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Title:Volcanic deformation as an indicator of mechanical stability and eruption susceptibility
Author(s):Cabaniss, Haley E
Director of Research:Gregg, Patricia M
Doctoral Committee Chair(s):Gregg, Patricia M
Doctoral Committee Member(s):Nooner, Scott L; Marshak, Stephen; Johnson, Thomas; Stewart, Michael
Department / Program:Geology
Discipline:Geology
Degree Granting Institution:University of Illinois at Urbana-Champaign
Degree:Ph.D.
Genre:Dissertation
Subject(s):Volcanology
Numerical Modeling
Deformation Modeling
Seismicity
Stress
Mechanics
Marine Geophysics
Axial Seamount
Taupo Caldera
Eruption Triggers
Abstract:Caldera-forming eruptions are amongst the greatest natural hazards on our planet, erupting hundreds of cubic kilometers of material with severe local and global impacts that pose great risks to human health and society at large. Understanding how these systems form and what triggers their catastrophic eruption therefore is critical for assessing future hazards. The classic paradigm in volcanology is that eruption occurs when the pressure within a magma reservoir exceeds the confining strength of the host rock surrounding it. However, this paradigm has been widely debated in recent years as quantitative constraints on critical “overpressure” to trigger eruption remain uncertain. Recent models of volcano unrest suggest that eruptions are triggered when conditions of critical stress are achieved in the host rock around a magma reservoir, and in absence of an overpressure-driven mechanism, external factors such as faulting and tectonic forcing have been suggested as potential catalysts. Through a series of three-dimensional thermo-mechanical numerical experiments, this dissertation bridges competing paradigms in volcanology of internal and external eruption triggers by identifying greater complexity in and coupling of the processes responsible for triggering caldera eruptions. To account for the diversity observed in caldera systems, this work examines the supereruptions of the Taupo Caldera in New Zealand, and recent eruptions of the submarine volcano, Axial Seamount. I address the effect of tectonic stresses on triggering the eruption of the Taupo Caldera, and reveal that mechanical stability of shallow, silicic magmatic systems are intrinsically linked to tectonic setting. For the first time from a mechanical perspective, this work illustrates that large silicic melt bodies are likely reactivated from cold, crystalline “mush” storage on short timescales of decades to thousands of years (in agreement with recent geochemical investigations). In another series of numerical experiments, I identify the submarine volcano, Axial Seamount, as a system which has experienced both internal and external controls on eruption. In particular, models indicate that microseismicity (induced by the expansion of the Axial magma reservoir) serves as both an eruption precursor and an eruption buffer, reducing crustal stress and delaying model predictions of eruption. Despite stress release via seismicity, model-predicted eruptions occur as a critical threshold of reservoir pressure is exceeded, indicating critical overpressurization as the mechanism of eruption at Axial Seamount. The findings reported in this dissertation suggest significant variability in volcanic eruption triggers and illustrate the importance evaluating eruption triggers as they relate to the complete volcanic system.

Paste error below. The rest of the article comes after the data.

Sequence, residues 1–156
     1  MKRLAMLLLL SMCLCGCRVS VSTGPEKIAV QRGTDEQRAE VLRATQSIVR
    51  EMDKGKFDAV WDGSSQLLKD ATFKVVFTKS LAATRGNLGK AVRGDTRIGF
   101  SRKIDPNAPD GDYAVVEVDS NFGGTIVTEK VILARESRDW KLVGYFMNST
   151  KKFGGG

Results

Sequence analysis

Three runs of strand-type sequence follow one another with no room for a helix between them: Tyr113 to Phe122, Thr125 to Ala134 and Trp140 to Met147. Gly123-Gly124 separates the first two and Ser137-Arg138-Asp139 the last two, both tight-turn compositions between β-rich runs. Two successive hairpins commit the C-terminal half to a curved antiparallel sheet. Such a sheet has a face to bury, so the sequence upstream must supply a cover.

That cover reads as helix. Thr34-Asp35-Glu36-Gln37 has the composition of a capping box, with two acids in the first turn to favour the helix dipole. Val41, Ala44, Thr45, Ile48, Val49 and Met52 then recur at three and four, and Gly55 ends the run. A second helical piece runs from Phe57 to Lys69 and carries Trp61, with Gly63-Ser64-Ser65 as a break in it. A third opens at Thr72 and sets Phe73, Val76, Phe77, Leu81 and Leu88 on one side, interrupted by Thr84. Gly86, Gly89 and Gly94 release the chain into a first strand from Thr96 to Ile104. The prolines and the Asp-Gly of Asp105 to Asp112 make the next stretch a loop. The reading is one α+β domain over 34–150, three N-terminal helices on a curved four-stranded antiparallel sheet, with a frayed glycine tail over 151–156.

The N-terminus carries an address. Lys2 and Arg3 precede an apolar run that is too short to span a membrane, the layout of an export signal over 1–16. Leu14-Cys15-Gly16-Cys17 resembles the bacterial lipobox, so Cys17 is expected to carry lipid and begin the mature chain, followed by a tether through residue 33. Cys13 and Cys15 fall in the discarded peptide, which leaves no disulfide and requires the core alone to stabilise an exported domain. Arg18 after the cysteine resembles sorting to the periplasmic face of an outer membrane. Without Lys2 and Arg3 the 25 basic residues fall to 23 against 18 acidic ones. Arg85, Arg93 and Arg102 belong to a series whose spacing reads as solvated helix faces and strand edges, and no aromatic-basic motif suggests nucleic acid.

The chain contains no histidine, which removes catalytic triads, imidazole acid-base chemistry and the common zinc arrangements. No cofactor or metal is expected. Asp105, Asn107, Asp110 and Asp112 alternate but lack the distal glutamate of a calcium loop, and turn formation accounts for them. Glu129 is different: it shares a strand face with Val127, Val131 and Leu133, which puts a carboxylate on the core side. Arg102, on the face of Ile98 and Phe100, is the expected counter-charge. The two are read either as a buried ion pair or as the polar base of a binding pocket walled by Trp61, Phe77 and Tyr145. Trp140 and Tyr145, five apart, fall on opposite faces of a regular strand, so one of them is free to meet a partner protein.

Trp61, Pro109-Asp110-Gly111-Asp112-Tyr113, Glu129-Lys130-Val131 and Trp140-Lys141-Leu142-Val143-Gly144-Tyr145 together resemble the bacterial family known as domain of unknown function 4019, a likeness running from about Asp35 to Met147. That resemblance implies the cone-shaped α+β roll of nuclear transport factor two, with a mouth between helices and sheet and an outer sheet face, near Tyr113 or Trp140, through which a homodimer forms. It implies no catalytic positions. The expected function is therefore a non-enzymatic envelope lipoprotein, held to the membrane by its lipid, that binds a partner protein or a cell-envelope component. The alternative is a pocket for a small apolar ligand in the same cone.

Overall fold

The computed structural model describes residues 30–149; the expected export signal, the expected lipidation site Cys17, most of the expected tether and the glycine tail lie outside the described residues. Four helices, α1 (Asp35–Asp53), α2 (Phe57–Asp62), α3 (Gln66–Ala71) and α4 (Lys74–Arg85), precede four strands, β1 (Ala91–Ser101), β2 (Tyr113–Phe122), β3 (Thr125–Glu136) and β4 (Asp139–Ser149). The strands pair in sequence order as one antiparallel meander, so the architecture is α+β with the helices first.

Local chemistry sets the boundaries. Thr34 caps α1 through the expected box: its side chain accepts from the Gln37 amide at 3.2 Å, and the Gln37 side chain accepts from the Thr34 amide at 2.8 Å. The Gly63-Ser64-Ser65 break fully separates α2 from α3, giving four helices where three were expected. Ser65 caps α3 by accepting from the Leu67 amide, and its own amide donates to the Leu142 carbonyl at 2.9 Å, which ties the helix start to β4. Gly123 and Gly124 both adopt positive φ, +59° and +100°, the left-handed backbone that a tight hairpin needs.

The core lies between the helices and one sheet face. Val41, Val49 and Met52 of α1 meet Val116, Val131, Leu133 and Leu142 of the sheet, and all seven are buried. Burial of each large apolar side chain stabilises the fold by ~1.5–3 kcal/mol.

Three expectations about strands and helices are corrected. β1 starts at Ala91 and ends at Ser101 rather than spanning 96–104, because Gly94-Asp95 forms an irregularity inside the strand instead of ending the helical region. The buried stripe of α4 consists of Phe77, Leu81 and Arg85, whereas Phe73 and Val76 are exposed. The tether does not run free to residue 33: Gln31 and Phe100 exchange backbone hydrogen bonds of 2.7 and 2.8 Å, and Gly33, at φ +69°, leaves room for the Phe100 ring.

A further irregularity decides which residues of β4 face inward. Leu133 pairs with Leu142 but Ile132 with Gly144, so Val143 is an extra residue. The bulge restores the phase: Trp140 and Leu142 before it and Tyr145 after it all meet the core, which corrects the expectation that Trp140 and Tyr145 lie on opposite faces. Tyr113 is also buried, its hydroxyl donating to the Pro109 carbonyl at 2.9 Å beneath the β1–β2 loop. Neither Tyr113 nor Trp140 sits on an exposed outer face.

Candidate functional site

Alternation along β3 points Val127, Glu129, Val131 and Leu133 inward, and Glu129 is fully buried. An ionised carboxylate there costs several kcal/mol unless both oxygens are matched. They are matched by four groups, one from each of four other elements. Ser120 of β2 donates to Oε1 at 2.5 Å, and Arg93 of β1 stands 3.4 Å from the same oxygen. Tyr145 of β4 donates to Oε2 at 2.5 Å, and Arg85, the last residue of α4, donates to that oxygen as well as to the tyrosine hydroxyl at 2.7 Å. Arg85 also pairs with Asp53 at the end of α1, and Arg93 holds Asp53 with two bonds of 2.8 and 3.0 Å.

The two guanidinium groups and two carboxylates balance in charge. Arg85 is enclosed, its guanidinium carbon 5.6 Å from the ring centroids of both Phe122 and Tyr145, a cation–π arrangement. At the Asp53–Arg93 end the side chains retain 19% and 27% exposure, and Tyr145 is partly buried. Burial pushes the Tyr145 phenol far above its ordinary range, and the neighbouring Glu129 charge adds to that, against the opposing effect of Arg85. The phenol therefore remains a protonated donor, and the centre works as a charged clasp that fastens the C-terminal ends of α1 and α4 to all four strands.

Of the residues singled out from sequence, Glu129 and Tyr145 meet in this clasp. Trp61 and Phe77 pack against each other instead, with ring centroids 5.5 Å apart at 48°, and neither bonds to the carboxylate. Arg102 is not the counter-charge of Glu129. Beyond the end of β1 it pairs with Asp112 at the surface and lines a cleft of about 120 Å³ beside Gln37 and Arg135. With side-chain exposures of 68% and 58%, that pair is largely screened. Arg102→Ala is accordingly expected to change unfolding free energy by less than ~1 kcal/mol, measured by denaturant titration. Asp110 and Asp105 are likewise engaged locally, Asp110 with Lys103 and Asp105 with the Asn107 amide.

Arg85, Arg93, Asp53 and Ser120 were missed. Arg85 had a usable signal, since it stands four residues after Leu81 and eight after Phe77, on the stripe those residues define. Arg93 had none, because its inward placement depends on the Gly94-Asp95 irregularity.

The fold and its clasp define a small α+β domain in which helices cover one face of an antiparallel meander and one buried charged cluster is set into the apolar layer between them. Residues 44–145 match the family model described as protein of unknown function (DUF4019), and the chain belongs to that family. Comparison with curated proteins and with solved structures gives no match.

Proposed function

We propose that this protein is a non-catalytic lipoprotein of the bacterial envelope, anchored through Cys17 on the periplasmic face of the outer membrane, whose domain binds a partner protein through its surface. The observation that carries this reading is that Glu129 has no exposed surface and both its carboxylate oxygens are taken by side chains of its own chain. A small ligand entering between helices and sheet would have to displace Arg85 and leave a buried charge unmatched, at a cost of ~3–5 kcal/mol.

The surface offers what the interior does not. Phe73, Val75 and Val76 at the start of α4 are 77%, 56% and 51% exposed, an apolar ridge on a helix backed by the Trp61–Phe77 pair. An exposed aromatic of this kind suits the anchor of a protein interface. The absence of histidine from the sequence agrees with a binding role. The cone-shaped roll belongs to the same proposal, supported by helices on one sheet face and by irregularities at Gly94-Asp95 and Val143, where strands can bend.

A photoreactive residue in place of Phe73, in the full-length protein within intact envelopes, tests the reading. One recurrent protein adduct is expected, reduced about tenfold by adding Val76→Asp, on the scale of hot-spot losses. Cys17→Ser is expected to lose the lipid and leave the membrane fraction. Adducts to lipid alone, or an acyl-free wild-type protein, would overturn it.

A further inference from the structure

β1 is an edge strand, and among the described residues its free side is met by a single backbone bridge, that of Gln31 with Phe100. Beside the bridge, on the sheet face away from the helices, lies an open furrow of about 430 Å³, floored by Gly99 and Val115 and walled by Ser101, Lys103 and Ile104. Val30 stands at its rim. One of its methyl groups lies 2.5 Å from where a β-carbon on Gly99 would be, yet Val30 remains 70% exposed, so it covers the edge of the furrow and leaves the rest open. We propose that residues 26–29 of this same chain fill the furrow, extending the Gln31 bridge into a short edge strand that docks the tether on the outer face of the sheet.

Issue Date:2020-04-30
Type:Thesis
URI:http://hdl.handle.net/2142/108279
Rights Information:Copyright 2020 Haley Cabaniss
Date Available in IDEALS:2020-08-27
Date Deposited:2020-05


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